The appellate court reversed based on two kinds of evidence.  First, there was evidence that when Swift learned of the incident, he initially denied, but later admitted, knowing that the dogs lived on his rental property.  Contrary evidence showed that the dogs were mentioned in the rental agreement and that Swift had played with the dogs during his frequent visits to the property.  Second, there was evidence from a neighbor and a package deliveryman that the dogs ran loose and threatened to attack them several times.  This was supplemented by a declaration from an expert that if the dogs had acted viciously toward others, then they must have acted the same way when Swift visited the property.

      The appellate court reasoned that Swift’s initial denial that he even knew the dogs were on the property – which the court dubbed a “false exculpatory statement” – was akin to evidence that Swift had a consciousness of guilt.  The court held that when combined with the evidence concerning the dogs’ previous displays of threatening conduct, a trier of fact could infer that when Smith lied about knowing the dogs were living on his property, his denial was fueled by his guilty knowledge that the dogs were dangerous.  (Donchin, supra, 34 Cal.App.4th at pp. 1840-1843.)

      Appellants contend Donchin applies here because Presenti lied about what he did and he was later promoted even after Richard’s 1972 sexual abuse report was made, suggesting that the Society had a motive to protect Presenti and itself by omitting from its records any reference to claims that Presenti was sexually abusing children.  This is shown, they contend, by the absence from Presenti’s files of Richard’s 1972 report and Gil’s 1992 report, as well as by the absence of any reference to sex abuse by Brother Billante, who was convicted of such crimes in 1989.  We disagree.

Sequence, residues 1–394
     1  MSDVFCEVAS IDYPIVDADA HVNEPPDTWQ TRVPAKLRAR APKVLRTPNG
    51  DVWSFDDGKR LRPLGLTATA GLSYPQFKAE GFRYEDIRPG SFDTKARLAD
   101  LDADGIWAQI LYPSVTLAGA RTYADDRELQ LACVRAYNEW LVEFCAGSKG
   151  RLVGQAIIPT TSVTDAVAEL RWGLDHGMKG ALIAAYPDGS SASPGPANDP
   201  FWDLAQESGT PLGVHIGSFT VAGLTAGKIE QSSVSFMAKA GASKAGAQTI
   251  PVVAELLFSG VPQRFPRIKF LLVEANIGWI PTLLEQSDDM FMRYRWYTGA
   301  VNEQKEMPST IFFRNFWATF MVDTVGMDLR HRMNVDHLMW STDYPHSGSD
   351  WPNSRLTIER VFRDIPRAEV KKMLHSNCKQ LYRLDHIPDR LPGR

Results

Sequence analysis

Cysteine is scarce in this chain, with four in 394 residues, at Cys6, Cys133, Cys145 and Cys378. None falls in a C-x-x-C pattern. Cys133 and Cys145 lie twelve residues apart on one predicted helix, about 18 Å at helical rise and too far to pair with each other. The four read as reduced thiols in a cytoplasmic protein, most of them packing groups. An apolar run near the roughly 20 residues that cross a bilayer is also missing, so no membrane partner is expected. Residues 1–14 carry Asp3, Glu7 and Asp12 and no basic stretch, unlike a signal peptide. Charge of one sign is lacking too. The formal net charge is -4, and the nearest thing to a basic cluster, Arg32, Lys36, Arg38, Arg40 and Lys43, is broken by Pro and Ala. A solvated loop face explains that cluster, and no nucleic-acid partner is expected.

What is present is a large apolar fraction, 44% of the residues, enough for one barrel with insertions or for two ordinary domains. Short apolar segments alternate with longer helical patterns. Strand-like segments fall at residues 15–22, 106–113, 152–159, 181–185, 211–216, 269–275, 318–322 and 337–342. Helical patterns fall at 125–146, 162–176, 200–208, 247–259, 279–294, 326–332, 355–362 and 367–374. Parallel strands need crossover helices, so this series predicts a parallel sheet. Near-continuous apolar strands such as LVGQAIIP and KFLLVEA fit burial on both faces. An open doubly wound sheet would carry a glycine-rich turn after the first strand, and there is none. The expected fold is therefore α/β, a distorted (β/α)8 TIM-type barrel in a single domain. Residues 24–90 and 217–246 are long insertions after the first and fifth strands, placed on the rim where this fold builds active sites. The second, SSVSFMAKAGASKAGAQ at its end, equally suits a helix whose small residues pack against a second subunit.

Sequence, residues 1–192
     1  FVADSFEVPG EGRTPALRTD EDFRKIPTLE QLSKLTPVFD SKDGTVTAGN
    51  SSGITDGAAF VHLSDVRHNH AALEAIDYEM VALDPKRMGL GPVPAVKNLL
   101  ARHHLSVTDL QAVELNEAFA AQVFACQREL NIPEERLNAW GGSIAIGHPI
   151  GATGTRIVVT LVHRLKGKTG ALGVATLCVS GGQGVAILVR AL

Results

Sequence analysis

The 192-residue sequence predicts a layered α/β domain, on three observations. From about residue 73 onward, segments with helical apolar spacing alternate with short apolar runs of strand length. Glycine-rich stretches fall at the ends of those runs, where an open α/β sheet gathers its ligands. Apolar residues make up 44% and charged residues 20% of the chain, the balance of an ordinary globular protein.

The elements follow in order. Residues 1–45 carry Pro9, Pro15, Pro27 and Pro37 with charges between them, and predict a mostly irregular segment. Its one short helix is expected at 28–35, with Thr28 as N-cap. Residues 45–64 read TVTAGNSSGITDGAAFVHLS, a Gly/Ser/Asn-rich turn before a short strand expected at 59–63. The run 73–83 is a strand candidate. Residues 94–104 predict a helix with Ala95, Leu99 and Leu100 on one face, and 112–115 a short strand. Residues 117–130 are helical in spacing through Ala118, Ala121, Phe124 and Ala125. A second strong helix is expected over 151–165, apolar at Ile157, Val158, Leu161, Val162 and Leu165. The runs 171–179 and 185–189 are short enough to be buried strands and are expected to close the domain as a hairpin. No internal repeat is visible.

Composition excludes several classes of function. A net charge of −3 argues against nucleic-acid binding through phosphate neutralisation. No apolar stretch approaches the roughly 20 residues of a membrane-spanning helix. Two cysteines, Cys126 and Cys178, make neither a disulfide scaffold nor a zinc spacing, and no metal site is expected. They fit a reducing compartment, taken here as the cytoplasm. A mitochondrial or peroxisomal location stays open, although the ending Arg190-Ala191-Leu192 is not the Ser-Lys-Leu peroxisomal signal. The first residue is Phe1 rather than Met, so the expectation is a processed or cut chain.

The lynchpin of the Donchin decision was the defendant’s initial false denial of knowledge that his tenant’s dogs lived at the rental property, allowing the inference that the defendant also knew about the dogs’ documented displays of threatening and aggressive behavior.  The defendant in this case is the Society, not Presenti, and evidence that Presenti lied about what he had done is therefore not relevant to the Donchin analysis.  In fact, evidence that he lied to the Society cuts the other way and strengthens the Society’s argument that it knew nothing about what Presenti had done.

      Appellants contend that evidence casting doubt on the Society’s denial of knowledge about Presenti that predates his abuse of them can also be found in the fact that the Society’s files made no reference to abuse claims made against Presenti and Billante.  As we understand it, appellants contend that because the Society’s records did not mention their after-the-fact reports (in 1972 and 1992) about what Presenti had done, and because the Society’s records made no mention of Billante’s 1989 sexual molestation conviction, a trier of fact could infer that other reports about sex abuse by Presenti had been made before he molested appellants in 1962 and 1972 but, pursuant to the Society’s pattern and practice, were not included in its files.  In short, appellants contend that because the Society’s records made no mention of Rasmussen’s investigation of Richard’s accusations, a trier of fact can infer that other reports of molestation by Presenti were received but also went undocumented before appellants were molested.